“Some of our fundraising comes from our tent rentals, but likewise we donate various tents rentals to community events,” Graham said.

“We donate our sound system for the annual Remembrance Day ceremony. We hold numerous fundraisers in the community to fund the above e.g. pancake breakfasts on the opening and closing days at RMR, various bar events, Cornucopia, etc. This year we have also taken over the Citizen Of The Year from the Lions Club. We support the Rotary Youth Exchange program. Local student Jacob Wallach is currently spending his year in Germany, while we have Lucas from Brazil in return.

“In February every year we bring he youth exchange students from all over our district (about 75 of them) to have a fun weekend in our town. Students are from all over the world and some of them have never experienced snow.

“Every year we also sponsor a lucky local student and send them — all expenses paid — to Ottawa for the Rotary Club of Ottawa’s Adventure in Citizenship Program, which celebrated its 63rd anniversary in 2013 when 220 outstanding senior high school students from across Canada, spent four days in Ottawa. The program is designed to develop the participants’ potential as leaders in their communities and in Canadian society.”

The club also sponsors two bursaries for graduating RSS students and an award at the Revelstoke Chamber of Commerce’s annual Business Excellence dinner.

He also noted that over the years the club has been a major supporter of community projects such as floating dock Williamsons Lake, the original Highway Rescue Truck, the Hospice Society, the Red Cross, Crime Stoppers and other programs.

This is a local service organization that is probably most visible when someone needs bar-tending service at a public event.

“The Elks have been here since 1960 and currently have 23 members,” says local Club President George Hopkins.

The Elks have for years provided bar-tending services and, until they were discontinued by the Royal Canadian Mint last year, penny drives as well as raffles and other fund-raising devices.

“We really focus our efforts on children’s programs and… we like to help kids who have medical problems and their families.”

The Beta Sigma Phi sorority is one of the lesser-known groups in town and is composed entirely of women.

“We are a group of women, a sisterhood of friendship and learning, with the mandate of giving of ourselves back to our community,” says member Donna Lecompte. “The value of our sorority work is priceless because it comes from the heart, and we try to make our home town an even better place to live by doing just that.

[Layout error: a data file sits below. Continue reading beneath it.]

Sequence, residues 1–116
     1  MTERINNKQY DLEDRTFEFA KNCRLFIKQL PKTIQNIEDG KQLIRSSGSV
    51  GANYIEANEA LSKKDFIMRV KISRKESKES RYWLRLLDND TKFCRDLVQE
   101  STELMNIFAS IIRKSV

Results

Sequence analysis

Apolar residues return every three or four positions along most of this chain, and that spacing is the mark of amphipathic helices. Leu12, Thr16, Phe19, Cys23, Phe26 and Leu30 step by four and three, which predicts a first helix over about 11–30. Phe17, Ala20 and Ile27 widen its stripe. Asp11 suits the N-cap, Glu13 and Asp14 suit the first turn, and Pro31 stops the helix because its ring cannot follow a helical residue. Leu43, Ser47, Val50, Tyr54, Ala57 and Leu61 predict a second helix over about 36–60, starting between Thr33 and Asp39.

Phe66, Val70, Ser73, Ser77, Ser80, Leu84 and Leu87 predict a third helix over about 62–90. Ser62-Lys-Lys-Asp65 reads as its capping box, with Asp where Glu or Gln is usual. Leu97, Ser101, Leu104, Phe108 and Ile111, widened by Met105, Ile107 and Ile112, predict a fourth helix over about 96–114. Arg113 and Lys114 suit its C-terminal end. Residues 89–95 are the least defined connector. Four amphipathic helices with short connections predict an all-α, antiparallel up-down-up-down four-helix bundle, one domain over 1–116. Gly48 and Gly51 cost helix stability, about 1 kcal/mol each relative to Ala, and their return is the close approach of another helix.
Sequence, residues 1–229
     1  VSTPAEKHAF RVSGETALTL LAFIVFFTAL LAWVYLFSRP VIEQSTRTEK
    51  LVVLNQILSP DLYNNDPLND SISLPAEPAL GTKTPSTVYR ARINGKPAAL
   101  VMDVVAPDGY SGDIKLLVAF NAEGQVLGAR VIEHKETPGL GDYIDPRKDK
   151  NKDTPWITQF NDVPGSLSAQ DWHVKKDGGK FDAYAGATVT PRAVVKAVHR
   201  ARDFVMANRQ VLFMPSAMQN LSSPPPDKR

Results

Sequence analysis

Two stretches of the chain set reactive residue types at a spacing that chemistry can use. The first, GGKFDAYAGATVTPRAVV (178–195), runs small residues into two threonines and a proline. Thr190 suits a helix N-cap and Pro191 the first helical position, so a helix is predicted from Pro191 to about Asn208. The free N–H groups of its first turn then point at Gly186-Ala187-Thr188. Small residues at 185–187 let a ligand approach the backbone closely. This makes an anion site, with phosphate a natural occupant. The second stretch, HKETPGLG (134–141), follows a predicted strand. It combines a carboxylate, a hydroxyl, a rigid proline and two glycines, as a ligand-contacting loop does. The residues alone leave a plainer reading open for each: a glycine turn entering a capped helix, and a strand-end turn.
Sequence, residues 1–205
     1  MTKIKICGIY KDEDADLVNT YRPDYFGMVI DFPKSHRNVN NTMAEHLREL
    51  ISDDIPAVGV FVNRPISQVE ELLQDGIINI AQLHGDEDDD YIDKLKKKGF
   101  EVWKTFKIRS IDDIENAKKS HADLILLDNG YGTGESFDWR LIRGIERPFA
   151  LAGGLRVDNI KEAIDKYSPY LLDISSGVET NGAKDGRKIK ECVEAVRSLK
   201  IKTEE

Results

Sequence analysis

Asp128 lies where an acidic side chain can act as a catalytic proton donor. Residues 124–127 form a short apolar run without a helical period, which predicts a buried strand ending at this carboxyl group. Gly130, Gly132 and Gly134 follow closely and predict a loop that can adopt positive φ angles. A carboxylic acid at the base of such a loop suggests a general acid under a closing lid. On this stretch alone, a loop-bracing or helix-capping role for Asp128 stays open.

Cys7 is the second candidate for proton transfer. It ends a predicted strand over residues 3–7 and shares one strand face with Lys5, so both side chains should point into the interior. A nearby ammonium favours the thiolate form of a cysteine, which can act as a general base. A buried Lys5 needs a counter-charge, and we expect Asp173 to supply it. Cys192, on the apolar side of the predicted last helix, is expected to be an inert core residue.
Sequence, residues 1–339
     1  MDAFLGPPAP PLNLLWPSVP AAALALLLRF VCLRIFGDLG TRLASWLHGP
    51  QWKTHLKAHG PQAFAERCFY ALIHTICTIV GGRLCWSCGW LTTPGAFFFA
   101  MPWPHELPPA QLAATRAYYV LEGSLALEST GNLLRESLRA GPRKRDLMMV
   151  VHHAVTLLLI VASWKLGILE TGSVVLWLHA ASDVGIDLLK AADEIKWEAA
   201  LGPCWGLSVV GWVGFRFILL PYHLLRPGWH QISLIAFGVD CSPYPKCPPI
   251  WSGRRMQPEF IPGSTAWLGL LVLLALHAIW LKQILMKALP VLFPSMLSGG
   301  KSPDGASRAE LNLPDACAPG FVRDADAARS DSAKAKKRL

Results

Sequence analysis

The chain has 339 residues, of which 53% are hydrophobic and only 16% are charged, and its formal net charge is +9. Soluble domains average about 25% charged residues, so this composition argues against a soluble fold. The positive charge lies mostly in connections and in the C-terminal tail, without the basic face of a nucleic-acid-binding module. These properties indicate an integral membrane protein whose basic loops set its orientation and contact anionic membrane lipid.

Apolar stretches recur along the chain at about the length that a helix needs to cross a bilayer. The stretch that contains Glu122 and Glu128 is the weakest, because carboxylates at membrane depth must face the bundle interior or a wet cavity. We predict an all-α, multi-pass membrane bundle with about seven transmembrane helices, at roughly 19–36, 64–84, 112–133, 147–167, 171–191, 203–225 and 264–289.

“Special fundraisers over the years were: hosting and cooking a community dinner for the son of one of our own that was severely injured in a diving accident; organizing and implementing the Angel of Hope for all missing children in Brianne Wolgram’s name; bringing a magic show to town that raised a large donation for the Trees for Tots; and hosting BBQs and pancake breakfasts for various organizations. Among others, donations were made to the Women’s Shelter, Rescue Truck, Food Bank, the Humane Society, Multiple Sclerosis, SIDS Foundation, Children’s Variety Club, and singing for the seniors at Moberly Manor and bringing them Christmas baskets. Internationally we adopted a child and cared for her until she came of age.”

There are many other much smaller groups in town, like the indefatigable Team Gloria that serves up food and fun at public events and stages terrific spring and Halloween dances to raise money for cancer research and the food bank. Wayne Murray says the tiny group has six hard-core members who raise between $15,000 and $20,000 a year. That’s a mighty contribution towards keeping Revelstoke a compassionate, progressive and livable community.

I can’t list all of the community’s groups in this not-so-short story but I can say almost every group in town labours under the same cloud: they need members and volunteers, especially younger ones.

Service club members fall between 60 and 70 years of age and are slowing down. All of the people interviewed for this story recognize that young people in their 20s and 30s are, for one reason or another generally not interested in volunteering their efforts on a long-term basis. But what about men and women in their 40s and 50s?

If you are young, or quasi-young, and enjoy life in our community please think about giving back with your time and membership by joining one of the groups that make a difference in our community. If you think you have something to contribute to one of the organizations mentioned in this story please contact:

Sheila Combs, manager of the Revelstoke Hospital Auxiliary Thrift Store, at;
Kevin Coulter, Grand Chancellor of the Knights of Pythias, at;
Graham Harper, Rotary Club president, at Graham Harper;
Donna Lecompte, Beta Sigma Phi, at;
Wayne Murray, of Team Gloria, at 250-814-9815 or 250-837-008 and tiny tim; and
George Hopkins, president of the local Elks club, at